Getting the lead out

Linda Nie

8/26/2016 |

Although exposure to lead and other poisonous heavy metals like manganese has been reduced in the U.S. since the passage of the Clean Air and Clean Water acts in the 1970s, the Centers for Disease Control and Prevention estimates that children in at least 14 million households are being exposed to high levels of lead. Lead and similar chemical elements also remain a significant environmental toxin globally, particularly in China and other countries where industrialization is occurring.

Linda Nie, associate professor of health sciences, says the effects of lead poisoning in children are particularly well-documented, ranging from lower intellectual quotient and deficits in neurobehavioral performance to decreases in auditory sensitivity, visual motor performance and learning ability.

Despite increased awareness, testing and controls, there are many unanswered questions regarding excessive exposure to heavy metals, Nie says. Progress also has been slowed by limitations in traditional testing methods.

Blood lead, for example, the most commonly used biomarker for assessment, has a half-life of just 30 days and reflects only short-term exposure, Nie says. In contrast, bone lead has a half-life of several years to decades, making it a better marker of cumulative or long-term exposure.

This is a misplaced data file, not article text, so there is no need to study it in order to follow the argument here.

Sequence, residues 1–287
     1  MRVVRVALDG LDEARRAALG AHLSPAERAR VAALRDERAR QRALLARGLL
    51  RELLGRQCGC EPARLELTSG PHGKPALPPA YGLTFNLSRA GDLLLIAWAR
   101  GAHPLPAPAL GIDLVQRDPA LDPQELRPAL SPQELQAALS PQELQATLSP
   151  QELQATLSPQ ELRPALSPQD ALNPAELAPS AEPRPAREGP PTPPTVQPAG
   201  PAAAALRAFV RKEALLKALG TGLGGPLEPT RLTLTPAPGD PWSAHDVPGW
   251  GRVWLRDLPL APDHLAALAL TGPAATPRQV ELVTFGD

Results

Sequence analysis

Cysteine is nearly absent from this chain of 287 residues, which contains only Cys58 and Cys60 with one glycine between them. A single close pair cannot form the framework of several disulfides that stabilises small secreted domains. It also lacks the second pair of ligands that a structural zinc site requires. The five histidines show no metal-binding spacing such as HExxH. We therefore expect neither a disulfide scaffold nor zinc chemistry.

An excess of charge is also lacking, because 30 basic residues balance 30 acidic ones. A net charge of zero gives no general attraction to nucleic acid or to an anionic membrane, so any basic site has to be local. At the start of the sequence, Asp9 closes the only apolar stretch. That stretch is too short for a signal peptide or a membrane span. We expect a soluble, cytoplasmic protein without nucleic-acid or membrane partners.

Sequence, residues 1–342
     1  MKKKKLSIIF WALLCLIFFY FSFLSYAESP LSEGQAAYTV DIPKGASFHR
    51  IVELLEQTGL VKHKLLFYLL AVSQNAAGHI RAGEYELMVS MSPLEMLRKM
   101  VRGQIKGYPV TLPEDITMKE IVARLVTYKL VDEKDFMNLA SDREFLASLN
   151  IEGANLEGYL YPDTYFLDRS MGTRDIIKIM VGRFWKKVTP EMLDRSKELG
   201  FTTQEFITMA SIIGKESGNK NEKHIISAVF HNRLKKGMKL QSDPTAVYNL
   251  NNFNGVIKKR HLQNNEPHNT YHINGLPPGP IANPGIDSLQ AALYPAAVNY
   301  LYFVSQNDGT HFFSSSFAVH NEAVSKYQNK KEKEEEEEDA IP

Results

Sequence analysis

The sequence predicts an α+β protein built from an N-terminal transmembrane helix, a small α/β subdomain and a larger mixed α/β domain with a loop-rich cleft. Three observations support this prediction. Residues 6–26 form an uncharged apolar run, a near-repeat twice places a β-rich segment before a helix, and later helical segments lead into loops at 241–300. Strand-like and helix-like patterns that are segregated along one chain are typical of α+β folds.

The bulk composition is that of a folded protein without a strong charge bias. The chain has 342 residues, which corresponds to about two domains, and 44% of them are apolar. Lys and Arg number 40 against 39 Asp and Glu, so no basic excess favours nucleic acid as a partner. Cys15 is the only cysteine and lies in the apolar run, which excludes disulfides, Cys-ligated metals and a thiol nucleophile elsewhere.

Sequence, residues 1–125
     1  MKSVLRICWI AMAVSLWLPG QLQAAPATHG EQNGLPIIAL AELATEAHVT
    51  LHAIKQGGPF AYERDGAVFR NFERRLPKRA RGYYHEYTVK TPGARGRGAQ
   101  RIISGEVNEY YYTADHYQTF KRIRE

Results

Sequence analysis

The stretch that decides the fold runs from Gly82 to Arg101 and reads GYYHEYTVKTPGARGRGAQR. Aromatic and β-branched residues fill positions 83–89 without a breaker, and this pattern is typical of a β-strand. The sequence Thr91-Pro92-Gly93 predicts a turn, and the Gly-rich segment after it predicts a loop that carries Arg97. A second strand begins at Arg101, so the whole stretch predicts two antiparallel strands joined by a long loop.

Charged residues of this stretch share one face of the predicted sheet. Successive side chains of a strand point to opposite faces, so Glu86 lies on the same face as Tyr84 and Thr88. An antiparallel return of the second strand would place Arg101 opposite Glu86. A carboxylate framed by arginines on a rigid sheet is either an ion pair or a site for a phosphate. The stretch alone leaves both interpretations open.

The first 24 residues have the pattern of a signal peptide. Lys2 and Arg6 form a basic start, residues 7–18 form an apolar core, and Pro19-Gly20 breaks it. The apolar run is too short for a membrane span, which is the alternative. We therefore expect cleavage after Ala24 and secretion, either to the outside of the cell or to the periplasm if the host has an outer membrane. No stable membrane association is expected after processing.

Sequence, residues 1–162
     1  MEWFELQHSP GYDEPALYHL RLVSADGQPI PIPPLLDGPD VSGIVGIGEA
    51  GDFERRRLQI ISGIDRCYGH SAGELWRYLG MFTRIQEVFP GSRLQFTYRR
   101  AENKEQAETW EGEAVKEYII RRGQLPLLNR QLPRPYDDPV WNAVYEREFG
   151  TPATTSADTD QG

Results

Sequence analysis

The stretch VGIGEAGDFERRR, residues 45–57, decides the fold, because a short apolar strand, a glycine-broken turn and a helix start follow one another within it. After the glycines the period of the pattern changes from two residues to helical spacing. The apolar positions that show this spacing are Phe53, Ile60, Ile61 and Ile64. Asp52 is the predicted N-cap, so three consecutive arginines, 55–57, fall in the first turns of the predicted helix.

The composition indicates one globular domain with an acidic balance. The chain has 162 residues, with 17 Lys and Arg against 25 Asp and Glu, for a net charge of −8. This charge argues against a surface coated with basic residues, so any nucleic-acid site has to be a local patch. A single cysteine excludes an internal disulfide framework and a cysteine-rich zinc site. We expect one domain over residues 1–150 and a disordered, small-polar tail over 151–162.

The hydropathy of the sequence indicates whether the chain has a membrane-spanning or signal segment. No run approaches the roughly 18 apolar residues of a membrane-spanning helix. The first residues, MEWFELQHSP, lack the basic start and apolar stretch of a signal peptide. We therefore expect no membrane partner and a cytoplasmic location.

“X-ray fluorescence (XRF) is less invasive than blood testing and has been used to measure lead in bone for more than 20 years, but few research institutions possess the technology because of infrastructure demands for the detection system and the need for a specialist to operate it,” Nie says. “A more accessible technology to measure bone lead would have numerous benefits.”

To address the issue, Nie and her team developed portable X-ray fluorescent technology to measure lead in vivo, or within the body, with minimum radiation harm. Funded by a reciprocal travel grant from the Chinese Visiting Scholars Network, Nie first put her innovation to the test on a 2014 visit to Shanghai Jiaotong University’s Xinhua Hospital in China, accompanied by PhD student Aaron Specht and faculty colleagues Wei Zheng and Ellen Wells.

In addition to validating the portable bone lead measurement system developed in Nie’s lab at Purdue, the research team gathered data from more than 200 field measurements of lead levels in children’s tibias to show that cumulative exposure to the toxic metal is highly correlated with bone lead concentration and to test the efficacy of the treatment of lead poisoning for these children. Specht returned to Shanghai in August 2015 to finalize the study before presenting the group’s findings to the International Society of Exposure Sciences.

Meanwhile, Nie and her team, together with her collaborators Zheng and Wells, prepared to field test another new technology called in vivo neutron activation analysis (IVNAA) that for the first time measures manganese in bone. Like lead, manganese has serious neurological effects but is difficult and expensive to test, Nie says.

“Chronic manganese exposure is prevalent in Chinese industry, which is rapidly growing,” Nie says. “People who work in mining, welding and steel production are especially at risk.”

From HHS Researchers Spotlight,

Above: Photo by Vincent Walter